This six-part series of blog posts is based on a talk I gave earlier in the year to a group of Christians who wanted to know more about Orthodox spirituality. It is quite basic and possibly in need of further reworking, but I post it here in the hope that it may be of help to some. (Continued from here).

Central to the transformation involved in Christian life is learning to see, for our vision has become distorted by the fall, and salvation involves learning to see aright. Saint Maximus the Confessor speaks of “The dazzling brilliance of God’s beauty inside everything” and St John of Damascus writes that “The whole earth is a living icon of the face of God.” “The glory of God is a human being fully alive,” writes St Irenaeus and he is often quoted as saying that. But he continues immediately: “and the life of a human being is the vision of God.” This is a vision that we need to learn.

It is common to speak about the importance of beauty for Orthodoxy. Sometimes the example is given of the conversion of Russia when the emissaries of Prince Vladimir were sent out looking for a religion. After visiting the Church of Holy Wisdom in Constantinople, they wrote: “We knew not whether we were in heaven or on earth, for surely there is no such splendour or beauty anywhere upon earth. We cannot describe it to you: only this we know, that God dwells there among men, and that their service surpasses the worship of all other places. For we cannot forget that beauty.”

We see here that the Liturgy is profoundly revelatory, enabling us to catch a glimpse of the Kingdom of God here on earth. Within the Church we are able to see a new way of being – even if in a fleeting and fragmentary way – that we recognise as fundamentally true, and as that around which we wish to shape our lives. But this is not given to us in any final way, for our vision remains blurred, our hearts remain divided and Liturgy requires hard work and commitment.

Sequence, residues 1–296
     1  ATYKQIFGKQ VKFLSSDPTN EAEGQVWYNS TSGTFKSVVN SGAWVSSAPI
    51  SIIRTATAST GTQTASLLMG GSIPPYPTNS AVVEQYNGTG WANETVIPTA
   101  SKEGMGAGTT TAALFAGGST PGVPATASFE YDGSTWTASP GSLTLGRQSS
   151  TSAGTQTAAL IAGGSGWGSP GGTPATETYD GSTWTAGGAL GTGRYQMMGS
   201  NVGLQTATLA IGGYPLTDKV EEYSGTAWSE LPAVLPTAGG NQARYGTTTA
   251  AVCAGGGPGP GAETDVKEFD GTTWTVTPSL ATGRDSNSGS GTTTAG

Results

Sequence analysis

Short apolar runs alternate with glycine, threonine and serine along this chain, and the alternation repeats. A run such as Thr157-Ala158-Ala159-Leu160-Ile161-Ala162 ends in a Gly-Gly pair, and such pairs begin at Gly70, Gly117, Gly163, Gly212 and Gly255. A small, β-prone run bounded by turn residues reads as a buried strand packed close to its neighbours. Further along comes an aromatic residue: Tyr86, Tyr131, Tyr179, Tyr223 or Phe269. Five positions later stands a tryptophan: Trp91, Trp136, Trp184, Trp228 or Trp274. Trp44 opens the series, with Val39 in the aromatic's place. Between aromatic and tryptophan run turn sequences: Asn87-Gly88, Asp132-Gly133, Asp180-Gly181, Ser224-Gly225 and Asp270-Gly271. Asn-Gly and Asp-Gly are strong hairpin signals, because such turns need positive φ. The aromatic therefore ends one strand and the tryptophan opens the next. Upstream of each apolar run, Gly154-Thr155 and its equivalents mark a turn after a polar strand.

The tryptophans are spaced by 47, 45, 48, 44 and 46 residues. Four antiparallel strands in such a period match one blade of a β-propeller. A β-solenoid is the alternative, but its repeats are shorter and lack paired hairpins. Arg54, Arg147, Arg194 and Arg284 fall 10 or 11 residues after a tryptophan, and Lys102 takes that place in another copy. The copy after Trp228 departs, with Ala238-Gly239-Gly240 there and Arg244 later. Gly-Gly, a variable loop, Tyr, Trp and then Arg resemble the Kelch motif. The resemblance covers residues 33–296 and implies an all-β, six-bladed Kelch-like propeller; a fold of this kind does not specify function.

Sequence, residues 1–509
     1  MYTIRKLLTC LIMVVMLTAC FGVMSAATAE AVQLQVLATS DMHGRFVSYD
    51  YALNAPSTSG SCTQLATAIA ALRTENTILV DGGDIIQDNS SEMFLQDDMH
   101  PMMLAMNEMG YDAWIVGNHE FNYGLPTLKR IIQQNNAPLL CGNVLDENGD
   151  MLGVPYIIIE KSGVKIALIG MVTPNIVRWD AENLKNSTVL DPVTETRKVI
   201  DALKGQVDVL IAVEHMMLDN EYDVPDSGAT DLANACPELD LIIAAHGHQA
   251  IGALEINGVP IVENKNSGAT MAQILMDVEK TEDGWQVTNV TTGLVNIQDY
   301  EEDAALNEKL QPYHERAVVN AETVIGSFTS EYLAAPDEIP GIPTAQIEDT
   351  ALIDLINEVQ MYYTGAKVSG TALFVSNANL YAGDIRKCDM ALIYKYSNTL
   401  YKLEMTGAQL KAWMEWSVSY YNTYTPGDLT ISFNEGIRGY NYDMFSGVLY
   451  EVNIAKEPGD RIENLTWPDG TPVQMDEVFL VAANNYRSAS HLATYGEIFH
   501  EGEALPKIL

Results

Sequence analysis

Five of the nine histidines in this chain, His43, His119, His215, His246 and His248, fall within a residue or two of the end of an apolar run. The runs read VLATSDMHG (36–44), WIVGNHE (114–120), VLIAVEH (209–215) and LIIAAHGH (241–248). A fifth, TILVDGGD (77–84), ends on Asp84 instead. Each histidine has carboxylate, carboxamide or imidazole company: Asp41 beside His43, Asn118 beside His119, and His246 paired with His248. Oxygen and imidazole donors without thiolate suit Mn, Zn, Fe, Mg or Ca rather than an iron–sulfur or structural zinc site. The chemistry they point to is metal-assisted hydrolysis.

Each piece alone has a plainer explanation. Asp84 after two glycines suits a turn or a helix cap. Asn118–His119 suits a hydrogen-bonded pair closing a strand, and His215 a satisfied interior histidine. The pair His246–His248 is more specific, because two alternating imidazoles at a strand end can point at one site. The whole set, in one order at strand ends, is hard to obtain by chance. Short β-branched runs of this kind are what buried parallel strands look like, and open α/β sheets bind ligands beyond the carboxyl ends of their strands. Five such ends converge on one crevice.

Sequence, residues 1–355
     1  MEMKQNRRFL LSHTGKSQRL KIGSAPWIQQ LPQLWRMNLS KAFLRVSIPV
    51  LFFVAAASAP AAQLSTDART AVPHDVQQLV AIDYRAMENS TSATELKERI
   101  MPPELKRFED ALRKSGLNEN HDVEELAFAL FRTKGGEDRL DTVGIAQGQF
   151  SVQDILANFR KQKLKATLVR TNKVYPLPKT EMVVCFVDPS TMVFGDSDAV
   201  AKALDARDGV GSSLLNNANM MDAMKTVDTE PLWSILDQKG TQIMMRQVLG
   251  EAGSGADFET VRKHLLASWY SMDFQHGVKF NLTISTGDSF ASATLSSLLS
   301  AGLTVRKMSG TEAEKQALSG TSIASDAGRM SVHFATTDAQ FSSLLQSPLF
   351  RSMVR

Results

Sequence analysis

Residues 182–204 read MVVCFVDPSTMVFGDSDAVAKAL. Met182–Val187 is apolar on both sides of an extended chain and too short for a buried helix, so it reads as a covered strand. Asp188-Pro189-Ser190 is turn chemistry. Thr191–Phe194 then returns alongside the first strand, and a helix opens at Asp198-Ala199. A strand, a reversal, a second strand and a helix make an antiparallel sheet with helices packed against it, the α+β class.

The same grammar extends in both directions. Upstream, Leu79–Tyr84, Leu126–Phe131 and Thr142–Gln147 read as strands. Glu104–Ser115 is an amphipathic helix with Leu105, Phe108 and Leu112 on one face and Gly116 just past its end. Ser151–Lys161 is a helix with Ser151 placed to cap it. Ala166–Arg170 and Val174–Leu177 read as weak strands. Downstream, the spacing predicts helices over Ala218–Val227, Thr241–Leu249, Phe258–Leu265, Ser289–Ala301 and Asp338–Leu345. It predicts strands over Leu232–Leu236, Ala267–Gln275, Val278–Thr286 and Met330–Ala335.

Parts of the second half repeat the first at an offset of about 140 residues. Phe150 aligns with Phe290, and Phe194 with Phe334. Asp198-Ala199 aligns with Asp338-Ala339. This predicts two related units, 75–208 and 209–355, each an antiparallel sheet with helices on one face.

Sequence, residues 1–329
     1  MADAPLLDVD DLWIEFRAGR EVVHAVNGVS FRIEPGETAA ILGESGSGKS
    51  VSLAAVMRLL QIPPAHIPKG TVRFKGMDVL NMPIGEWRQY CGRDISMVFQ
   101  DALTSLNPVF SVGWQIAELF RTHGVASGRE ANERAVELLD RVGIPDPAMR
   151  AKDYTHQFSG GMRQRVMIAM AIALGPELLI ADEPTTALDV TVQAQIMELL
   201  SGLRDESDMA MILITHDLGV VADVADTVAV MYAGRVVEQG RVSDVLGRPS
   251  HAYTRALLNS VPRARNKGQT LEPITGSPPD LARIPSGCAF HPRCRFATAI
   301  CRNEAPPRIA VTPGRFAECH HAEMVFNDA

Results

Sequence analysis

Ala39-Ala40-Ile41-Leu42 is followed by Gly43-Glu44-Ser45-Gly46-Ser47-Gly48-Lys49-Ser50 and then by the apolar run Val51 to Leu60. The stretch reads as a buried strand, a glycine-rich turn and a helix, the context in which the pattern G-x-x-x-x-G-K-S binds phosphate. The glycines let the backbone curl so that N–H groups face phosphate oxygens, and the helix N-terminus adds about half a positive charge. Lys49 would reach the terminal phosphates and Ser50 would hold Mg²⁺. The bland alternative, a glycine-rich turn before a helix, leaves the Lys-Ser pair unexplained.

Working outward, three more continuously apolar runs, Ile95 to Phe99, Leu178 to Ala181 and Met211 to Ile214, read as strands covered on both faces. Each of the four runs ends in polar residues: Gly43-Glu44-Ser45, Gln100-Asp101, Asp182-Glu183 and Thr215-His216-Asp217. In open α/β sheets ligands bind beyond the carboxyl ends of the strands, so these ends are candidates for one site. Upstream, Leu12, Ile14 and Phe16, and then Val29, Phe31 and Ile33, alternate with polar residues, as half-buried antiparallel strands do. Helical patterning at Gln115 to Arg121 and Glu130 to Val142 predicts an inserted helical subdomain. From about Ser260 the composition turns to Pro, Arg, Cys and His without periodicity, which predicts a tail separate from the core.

It is also common to speak about the importance of icons for Orthodox Christians, and they are indeed important. However, there is also a danger in this, and I have found that many people do not actually find them attractive at the first encounter. They jar with our expectations of what art should be, they are not necessarily comforting and can feel somewhat strange. Like the beauty of the Liturgy, theirs is a demanding beauty, one that asks us to be open to another way of seeing. They are not ours to “use” but they ask us to be receptive and open to change our own perceptions.

Thus, learning to see and the purification of our vision is of fundamental importance. The Fathers of the Church used two mountain top encounters to speak of this experience. The first was that of Moses on Mount Sinai in which he had to let go of his own ideas and encounter God in darkness, realising that God is far beyond all the ideas that we have of Him. The second was that of Christ’s Transfiguration on Mount Tabor, in which the Apostles Peter, James and John were enabled to see His true glory. In the liturgical texts for the feast of the Transfiguration we are told that that they were able to see it “insofar as they could bear it.” The vision is open to all, but our task is to learn to see with the eyes of faith and to seek the purity of heart which the Gospel tell us will allow us to see God so that His glory may shine through in our lives.

To be continued…

 

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